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    It's rather easy to answer in the form: Does Buddha teach this extreme thing? No, he only teaches you not to do that bad thing. A better answer would perhaps go into details about what that "bad thing" is and is not. For example, "not to cling to petty stuff that does not deserve it" -- how does one know what is petty? This is basically the gist of OP's question, because one may claim that life, food, offsprings, etc. are petty. How do we know whether that claim is extreme or not? Based on what criteria do we judge?
    – Heisenberg
    Commented Oct 22, 2014 at 15:47
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    @AndreiVolkov I appreciate your point that it is important to understand Buddhism correctly. To help readers on that path, it'd be more useful if you could give specific guidance instead of saying "Buddhism is a doctrine of sanity and excellence." That statement will only resonate with those who already share your belief. For those who are evaluating whether Buddhism is a good doctrine for them to follow, you need to demonstrate that statement. So let's do specific example. What does "letting go" of sex mean? What does the world in which everyone lets go of sex look like?
    – Heisenberg
    Commented Oct 22, 2014 at 22:06
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    Letting go of sex means "you" don't obsess with sex, neither at pop culture level, nor at the level of individual day-to-day interactions. You may still have sex, both to procreate as well as to communicate your feelings, but you don't make it all important, don't ever let the urge overwhelm you -- as often happens. Letting go of sex means you having sex instead of sex having you. Society in which everyone lets go of sex is a healthy(ier) society. That's what I mean when I say Buddhism is a religion of sanity; we may not have answers to all questions beforehand but sanity is our flag, IMO.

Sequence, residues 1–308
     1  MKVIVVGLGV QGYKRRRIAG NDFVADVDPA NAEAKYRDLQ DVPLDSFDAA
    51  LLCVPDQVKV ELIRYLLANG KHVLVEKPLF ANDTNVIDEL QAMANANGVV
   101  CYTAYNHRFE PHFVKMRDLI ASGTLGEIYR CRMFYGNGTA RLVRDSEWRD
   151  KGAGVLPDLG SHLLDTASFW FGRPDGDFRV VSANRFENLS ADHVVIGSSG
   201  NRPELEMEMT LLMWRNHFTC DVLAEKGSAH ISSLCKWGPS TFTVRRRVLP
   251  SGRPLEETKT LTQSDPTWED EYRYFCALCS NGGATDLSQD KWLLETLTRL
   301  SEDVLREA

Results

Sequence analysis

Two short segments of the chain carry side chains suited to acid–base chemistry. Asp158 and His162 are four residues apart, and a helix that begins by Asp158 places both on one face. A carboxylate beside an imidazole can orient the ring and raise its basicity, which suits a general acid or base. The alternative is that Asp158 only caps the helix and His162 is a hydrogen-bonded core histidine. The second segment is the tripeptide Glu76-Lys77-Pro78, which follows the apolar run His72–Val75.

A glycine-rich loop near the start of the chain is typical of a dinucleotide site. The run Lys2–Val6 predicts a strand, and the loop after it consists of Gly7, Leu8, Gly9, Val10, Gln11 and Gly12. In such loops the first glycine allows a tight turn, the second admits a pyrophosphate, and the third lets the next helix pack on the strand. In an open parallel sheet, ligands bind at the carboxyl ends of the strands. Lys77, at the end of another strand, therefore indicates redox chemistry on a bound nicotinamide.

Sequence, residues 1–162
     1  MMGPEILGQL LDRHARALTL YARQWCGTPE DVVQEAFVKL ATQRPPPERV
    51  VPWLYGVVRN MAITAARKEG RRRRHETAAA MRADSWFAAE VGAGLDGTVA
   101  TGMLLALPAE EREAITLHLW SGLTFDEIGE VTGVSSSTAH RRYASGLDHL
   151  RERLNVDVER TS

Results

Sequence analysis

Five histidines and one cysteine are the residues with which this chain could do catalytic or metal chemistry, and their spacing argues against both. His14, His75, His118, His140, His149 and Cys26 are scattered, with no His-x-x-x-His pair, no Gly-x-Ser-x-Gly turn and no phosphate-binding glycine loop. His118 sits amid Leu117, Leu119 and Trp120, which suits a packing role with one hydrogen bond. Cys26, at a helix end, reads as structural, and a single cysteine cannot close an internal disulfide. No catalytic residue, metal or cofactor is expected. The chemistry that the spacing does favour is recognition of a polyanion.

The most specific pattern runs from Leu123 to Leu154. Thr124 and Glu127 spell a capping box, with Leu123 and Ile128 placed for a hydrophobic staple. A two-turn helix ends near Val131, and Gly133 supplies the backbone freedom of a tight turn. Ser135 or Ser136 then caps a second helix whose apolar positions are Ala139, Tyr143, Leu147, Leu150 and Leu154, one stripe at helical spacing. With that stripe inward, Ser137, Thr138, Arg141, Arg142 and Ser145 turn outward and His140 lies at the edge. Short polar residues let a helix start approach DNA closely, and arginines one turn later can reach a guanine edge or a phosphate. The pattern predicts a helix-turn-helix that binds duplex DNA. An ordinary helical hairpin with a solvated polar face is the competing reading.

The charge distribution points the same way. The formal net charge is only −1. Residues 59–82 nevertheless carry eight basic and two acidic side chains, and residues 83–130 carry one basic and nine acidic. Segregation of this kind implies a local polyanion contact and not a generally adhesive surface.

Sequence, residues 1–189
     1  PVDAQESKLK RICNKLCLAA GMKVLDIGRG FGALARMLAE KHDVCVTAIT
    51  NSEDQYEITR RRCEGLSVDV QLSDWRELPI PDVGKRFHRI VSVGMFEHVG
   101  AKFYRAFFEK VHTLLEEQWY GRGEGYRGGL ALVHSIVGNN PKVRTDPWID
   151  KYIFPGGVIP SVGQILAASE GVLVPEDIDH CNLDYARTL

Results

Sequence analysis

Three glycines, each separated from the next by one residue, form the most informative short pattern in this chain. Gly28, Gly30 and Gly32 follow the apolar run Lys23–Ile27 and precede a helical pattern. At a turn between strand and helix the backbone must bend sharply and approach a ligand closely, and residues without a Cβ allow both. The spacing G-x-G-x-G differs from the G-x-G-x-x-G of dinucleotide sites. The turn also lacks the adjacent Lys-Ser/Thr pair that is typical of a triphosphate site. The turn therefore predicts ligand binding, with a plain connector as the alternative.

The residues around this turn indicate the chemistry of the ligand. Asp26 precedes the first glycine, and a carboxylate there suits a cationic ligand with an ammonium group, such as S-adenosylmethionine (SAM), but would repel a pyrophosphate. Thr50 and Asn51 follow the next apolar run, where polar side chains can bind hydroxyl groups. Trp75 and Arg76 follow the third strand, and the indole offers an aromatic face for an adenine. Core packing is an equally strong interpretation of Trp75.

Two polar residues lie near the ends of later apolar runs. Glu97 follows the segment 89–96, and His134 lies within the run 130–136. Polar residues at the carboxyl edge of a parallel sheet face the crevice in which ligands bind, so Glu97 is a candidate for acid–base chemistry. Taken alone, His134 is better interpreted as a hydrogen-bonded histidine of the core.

– Andriy Volkov
    Commented Oct 22, 2014 at 23:28
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    @ChrisW, no it's a very small subset, only one aspect as it pertains to the question of altruism vs. egoism.
    – Andriy Volkov
    Commented Oct 23, 2014 at 2:19
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    The guidelines for monks are stricter than for the lay. Period, end of story.
    – Andriy Volkov
    Commented Oct 28, 2014 at 12:07

There are many different forms/sects of Buddhism. Some are more "monkish" than others. I've been following the Lotus Sutra and the teachings of Nichiren Daishonin, which advocates using our desires and attachments to fuel our enlightenment rather than eradicating them.

My view is that the whole priesthood/monk phenomenon was an aspect of history. Cultural and historical, not core to the Buddhist belief system. You need a group who takes on responsibility to help lead, but they don't need to be monks. This is the kind of organization that is emerging in the Soka Gakkai, where I practice (sgi-usa.org).

Hope this helps!


If you find a branch of Buddhism without ceremonies and beliefs, you could easily avoid the type of imposed belief you are talking about.

Or if you are a brave soul, you could take the writings of as many true teachers as you have need of and put it into practice with no belief.

I would start with Roshi Suzuki that does not advocate for much beyond sitting with the beginner's mind www.arvindguptatoys.com/arvindgupta/zenmind.pdf

If you do not find that to your liking you could try Dogen who is quite verbose about his path.

If you want open minded, the Dalai Lama though thoroughly a Tibetan Buddhist embraces science, psychology, other religions and other people choosing a different way

This ceremony is the door to compassion. It is unlocking beginner's mind in an applied way.


Look at the flower sermon for the ultimate simplicity in Buddhism: http://en.wikipedia.org/wiki/Flower_Sermon There is no belief in that, just the experience of what is.